As Scotland's commercial areas become ever more generic, one woman is fighting to store up our heritage by preserving retail detail

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LIKE many women, Lindsay Lennie has a passion for shops. But unusually, her interest is in their historic qualities rather than the goods on offer inside.

• Graham Tait displays shoes fishmonger-style at Focus. Picture: Ian Georgeson

The Perthshire-based mother-of-two has recently launched a historic retail buildings consultancy – the only one in Scotland. Since starting up in November she's been in demand from councils and organisations such as Rothesay Townscape Heritage Initiative and Loch Lomond and Trossachs National Park, who require help to identify historically important buildings.

Lennie, 43, made the leap into self employment after a three-year fellowship with Historic Scotland, which came after earning a PhD at Heriot-Watt University. "While doing my PhD on the conservation of shops in Perthshire I looked for information on old shops, but couldn't find very much," she says. "There was no research being done in Scotland, which I found quite staggering. We were missing a big piece of the conservation jigsaw."

Her interest was sparked by an old black-and-white postcard. "I came across this photo of a shop called Sadie's, on an old postcard from Muthill, where I live. All traces of the shop have now disappeared and the building has flats in it. Although lots of people remembered the store, I couldn't find out any facts about it, which I thought was sad. There seemed to be this huge black hole and no recognition of how Sadie's had been an important part of the village. That got me thinking about how many more shops had simply disappeared from sight."

Further investigations revealed numerous cases where once-loved stores had been transformed into soulless, modern units, or completely destroyed. Particularly alarming, she says, was the lack of awareness of these shops' historical importance. "I've seen magnificent, solid mahogany shop doors replaced by MDF, hand -painted signs being taken down to make way for ugly plastic ones, and boards being nailed to authentic Victorian tiles, cracking and damaging them in the process. Not only have we lost historically significant artefacts, these things are also irreplaceable; the workmanship and materials that went into them are no longer available."

For instance, some of the famous James Duncan-designed exterior and interiors that were once the trademark of Scotland's Buttercup Dairy shops were salvaged and are now displayed in museums such as The People's Palace, but many more have been removed. "The only Buttercup Dairy shop which retains its stained glass is at 48 Warrender Park Road in Edinburgh," says Lennie. "This appears to have been one of the last shops to operate as a Buttercup Dairy, remaining listed in the Edinburgh Trades Directory in 1959, which may explain the intact shop front."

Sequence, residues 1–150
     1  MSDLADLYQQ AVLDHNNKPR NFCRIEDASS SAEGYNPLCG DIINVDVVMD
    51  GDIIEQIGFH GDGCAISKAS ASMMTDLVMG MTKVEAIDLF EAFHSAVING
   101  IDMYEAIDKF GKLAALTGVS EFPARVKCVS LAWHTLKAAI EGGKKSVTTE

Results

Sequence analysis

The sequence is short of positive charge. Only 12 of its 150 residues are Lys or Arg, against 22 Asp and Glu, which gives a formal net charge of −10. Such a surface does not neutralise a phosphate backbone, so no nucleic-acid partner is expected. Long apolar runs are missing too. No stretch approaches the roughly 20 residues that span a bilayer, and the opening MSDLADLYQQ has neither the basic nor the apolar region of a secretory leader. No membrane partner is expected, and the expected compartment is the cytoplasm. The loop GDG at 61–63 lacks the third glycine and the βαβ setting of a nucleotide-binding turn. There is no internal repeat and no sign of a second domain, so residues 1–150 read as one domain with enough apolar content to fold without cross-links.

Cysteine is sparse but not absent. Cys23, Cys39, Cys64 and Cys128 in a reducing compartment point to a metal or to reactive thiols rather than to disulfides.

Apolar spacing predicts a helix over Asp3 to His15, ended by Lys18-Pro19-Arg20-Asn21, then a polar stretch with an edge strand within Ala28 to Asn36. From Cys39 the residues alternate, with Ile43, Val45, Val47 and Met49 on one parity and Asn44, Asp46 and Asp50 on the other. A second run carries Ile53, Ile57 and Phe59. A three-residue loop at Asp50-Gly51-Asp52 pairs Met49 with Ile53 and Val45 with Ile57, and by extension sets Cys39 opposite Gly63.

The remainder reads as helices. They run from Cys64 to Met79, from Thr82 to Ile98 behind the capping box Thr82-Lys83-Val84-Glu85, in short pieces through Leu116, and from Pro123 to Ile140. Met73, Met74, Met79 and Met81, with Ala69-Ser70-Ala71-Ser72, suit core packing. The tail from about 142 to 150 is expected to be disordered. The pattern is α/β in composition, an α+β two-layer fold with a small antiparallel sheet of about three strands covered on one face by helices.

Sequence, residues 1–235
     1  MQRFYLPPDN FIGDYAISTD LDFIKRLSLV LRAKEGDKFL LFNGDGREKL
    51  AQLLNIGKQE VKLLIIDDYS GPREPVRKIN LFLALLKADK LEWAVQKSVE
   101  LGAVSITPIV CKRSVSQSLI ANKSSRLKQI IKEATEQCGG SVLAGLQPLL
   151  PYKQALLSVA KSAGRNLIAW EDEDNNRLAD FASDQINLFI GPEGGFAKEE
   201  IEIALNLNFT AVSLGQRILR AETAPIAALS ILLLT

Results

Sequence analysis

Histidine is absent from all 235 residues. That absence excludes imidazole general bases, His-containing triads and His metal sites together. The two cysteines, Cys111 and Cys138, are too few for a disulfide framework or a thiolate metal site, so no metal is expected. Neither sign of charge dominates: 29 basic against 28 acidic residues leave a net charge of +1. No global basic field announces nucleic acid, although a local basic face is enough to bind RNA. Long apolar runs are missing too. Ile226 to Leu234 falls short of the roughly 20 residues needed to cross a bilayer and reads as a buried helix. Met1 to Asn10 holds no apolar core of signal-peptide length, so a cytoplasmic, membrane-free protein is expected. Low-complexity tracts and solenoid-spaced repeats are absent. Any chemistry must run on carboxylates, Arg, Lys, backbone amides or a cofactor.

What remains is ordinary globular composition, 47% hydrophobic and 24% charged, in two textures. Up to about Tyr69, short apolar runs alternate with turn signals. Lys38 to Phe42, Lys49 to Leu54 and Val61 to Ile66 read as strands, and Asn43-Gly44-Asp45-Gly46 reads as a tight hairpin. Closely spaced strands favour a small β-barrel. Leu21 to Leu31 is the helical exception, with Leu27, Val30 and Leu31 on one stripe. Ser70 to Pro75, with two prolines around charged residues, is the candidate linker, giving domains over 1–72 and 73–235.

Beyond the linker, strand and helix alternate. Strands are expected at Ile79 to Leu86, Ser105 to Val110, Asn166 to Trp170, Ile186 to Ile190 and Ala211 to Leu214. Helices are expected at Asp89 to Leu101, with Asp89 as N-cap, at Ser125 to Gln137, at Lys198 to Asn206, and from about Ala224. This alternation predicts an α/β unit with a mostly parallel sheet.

Then there's butchers TD Anderson, in Linlithgow, which contains a panel depicting Linlithgow Palace, and Cullens in Bridge of Allan. "I absolutely love tiled shops," says Lennie. "Sadly, so many of the huge, hand-painted murals have now been replaced by wipe-down melanin walls. People sometimes dismiss the whole issue as being nostalgic, but our shops are part of people's social history and identity. Most of us can remember going to a local sweet store with granny or grandpa. Places like York have fantastic old shops which are important for tourism. Our townscapes can have real visitor appeal, but if everything is plastic signage, it just isn't the same."

During her fellowship with Historic Scotland, Lennie travelled the length and breadth of the country identifying historically important retail buildings. "It's often the smaller towns and villages where the most interesting examples survive. I visited Gatehouse of Fleet and was amazed at two fascinating shops in what is a very small village. There is a chemist's with a rare cut and gilded sign which says 'Stark, Chemist'. The shop was used in cult film The Wicker Man. Opposite is a former draper's shop with a sign designed by the Brilliant Sign Company of London. These looked like the more expensive cut and gilded signs, but were much cheaper to produce. To my knowledge this is the only surviving example in Scotland."

She remembers a former fishmongers in Glasgow that had been converted into a grocer's run by Asian owners. "The ornate decorative tiles showing mermaids had been covered over. I assume that the partially nude female figures were considered inappropriate."